As per published reports Captain Suren Ratwatte is the CEO of Sri Lankan Airlines after the politically driven restructure last year. If the current government profited from the Board of Inquiry into Sri Lankan Airlines – then did the Government itself not contribute to the demotivation of staff as Air Ceylon staff would have been if most of them had remained within the restructured form – Air Lanka?
The influence of Emirates is clear to me as follows:
Wikipedia – on the Emirate influence:
[Air Lanka, which was state-owned, was partially privatized in 1998, with investment by Dubai-based Emirates Group, when Emirates and the Sri Lankan government signed an agreement for a ten-year strategic partnership. This agreement included exclusive rights for all aircraft ground handling and airline catering at Colombo-Bandaranaike airport for a ten-year period. Emirates bought a 40% stake worth US$70 million (which it later increased to 43.6%) in Air Lanka, and sought to refurbish the airline's image and fleet. The government retained a majority stake in the airline, but gave full control to Emirates for investment and management decisions. In 1998, the Air Lanka re-branded to SriLankan Airlines. ]
Lanka News – on 07 October 2015:
‘Captain Suren Ratwatte who was living in Dubai has been appointed as the new Chief Executive Officer of Sri Lankan Airlines.Suren Ratwatte who is currently employed by Emirates Airline is due to commence operations in his new role from October 2015.’
Colombo Telegraph – on 26 March 2016:
[The sad and shocking state of the country’s national carrier, SriLankan airlines was revealed recently by Deputy Minister Eran Wickramaratne, who disclosed that the airline which recorded a profit of Rs. 4.4 billion in 2008, took an appalling nosedive having recorded a whopping loss amounting to Rs. 107 billion, since then.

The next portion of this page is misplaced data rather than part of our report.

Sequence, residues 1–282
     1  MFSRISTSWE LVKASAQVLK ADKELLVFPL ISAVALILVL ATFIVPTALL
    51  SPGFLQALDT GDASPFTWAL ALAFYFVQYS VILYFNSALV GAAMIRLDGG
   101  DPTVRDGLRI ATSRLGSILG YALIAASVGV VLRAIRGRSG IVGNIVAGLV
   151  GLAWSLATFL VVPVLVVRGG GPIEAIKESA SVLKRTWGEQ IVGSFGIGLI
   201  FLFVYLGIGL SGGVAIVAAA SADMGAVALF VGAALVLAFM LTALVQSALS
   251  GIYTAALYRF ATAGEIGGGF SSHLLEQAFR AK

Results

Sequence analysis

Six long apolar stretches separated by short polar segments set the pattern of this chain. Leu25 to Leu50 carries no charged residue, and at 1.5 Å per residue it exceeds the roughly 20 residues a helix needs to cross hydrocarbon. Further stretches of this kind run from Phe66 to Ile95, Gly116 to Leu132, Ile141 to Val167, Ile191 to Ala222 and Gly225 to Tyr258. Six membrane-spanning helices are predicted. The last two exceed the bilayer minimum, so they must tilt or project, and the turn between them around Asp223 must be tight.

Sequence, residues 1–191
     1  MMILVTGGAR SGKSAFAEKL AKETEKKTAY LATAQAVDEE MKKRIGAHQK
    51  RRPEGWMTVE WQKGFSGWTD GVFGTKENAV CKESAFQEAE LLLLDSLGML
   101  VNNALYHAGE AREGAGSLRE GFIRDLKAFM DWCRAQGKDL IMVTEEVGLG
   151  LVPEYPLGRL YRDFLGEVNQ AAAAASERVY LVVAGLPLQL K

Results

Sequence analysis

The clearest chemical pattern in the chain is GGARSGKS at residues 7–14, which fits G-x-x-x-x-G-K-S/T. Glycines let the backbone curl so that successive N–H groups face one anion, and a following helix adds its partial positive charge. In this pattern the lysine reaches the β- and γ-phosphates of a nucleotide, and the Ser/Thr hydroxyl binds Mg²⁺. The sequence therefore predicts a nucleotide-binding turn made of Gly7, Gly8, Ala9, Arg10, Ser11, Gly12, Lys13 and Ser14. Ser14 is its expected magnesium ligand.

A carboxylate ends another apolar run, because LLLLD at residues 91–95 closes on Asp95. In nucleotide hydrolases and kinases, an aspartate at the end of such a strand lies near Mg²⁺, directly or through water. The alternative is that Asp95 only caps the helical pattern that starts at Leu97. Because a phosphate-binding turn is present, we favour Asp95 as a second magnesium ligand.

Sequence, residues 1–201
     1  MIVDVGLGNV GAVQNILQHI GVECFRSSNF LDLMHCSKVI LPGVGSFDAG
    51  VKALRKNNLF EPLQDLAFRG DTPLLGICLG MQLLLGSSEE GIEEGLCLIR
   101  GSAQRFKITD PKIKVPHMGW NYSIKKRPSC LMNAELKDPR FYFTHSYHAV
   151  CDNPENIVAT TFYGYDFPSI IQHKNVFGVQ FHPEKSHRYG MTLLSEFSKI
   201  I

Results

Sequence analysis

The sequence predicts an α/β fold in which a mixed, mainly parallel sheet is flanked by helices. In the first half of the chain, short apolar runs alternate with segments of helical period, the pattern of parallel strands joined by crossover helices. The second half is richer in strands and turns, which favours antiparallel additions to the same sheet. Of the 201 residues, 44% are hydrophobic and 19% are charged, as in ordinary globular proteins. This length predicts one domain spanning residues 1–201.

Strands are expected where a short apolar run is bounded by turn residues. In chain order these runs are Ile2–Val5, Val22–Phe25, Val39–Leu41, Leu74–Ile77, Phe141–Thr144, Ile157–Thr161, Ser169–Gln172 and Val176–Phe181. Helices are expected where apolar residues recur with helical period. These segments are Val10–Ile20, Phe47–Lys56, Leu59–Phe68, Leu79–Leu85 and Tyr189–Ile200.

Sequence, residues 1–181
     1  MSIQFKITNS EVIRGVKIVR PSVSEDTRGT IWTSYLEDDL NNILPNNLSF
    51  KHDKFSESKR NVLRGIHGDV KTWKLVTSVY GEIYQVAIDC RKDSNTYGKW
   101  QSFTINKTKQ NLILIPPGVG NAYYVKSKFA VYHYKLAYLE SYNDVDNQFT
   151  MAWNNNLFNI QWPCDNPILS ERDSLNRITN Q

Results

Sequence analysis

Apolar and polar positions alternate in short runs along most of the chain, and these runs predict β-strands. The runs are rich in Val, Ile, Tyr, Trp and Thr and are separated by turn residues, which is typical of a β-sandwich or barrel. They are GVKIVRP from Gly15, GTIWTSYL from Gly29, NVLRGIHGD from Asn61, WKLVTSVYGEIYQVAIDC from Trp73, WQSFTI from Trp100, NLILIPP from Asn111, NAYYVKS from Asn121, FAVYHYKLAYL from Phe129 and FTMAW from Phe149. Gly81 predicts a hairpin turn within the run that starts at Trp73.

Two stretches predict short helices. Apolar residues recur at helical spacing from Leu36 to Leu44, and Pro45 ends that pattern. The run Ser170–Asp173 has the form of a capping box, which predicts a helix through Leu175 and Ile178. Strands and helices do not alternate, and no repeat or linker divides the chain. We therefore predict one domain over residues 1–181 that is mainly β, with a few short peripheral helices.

Wickramaratne, the Deputy Minister of Public Enterprise Development speaking in parliament underscored that the decision by the former administration led by Mahinda Rajapaksa to cancel the deal with Emirates, just because they refused to permit a large entourage of Rajapaksa onboard was a ‘huge mistake.’
He further noted that the cancelling of the deal with Emirates has led to the current shocking financial situation the carrier is embroiled in.]
Emirates’ investment in Air Lanka was the parallel of Economic migration to Australia. Such migrants do not have a heritage to bring with them or to share when they leave.
The Sri Lankan Airlines problem started back then in 1998 when I also experience ownership related problems at the University of NSW. The problems did not start in when 2008 when Emirates left. They may have been more visible to ‘outsiders’ in 2008. When we have more money than we have earned through our own efforts and/or through inheritance through true shared ownership – we tend to not realize our Sovereignty and tend to live off handouts. There was no real ownership bonding between Emirates and Sri Lankan Airlines and yet the former had controlling interest. The Rajapaksa Government’s own parallel of this kind of force - was against the Tamils – for which they went to the UN using LTTE but without feeling ownership in UN through investment in global standards to protect law and order. If Sri Lankan Airlines staff are to be retrenched – then it must be on current performance basis for business purposes – using global standards. The CEO who is from Emirates - must be the first one to be tested – not staff who carry heritage by having stayed on for better or for worse.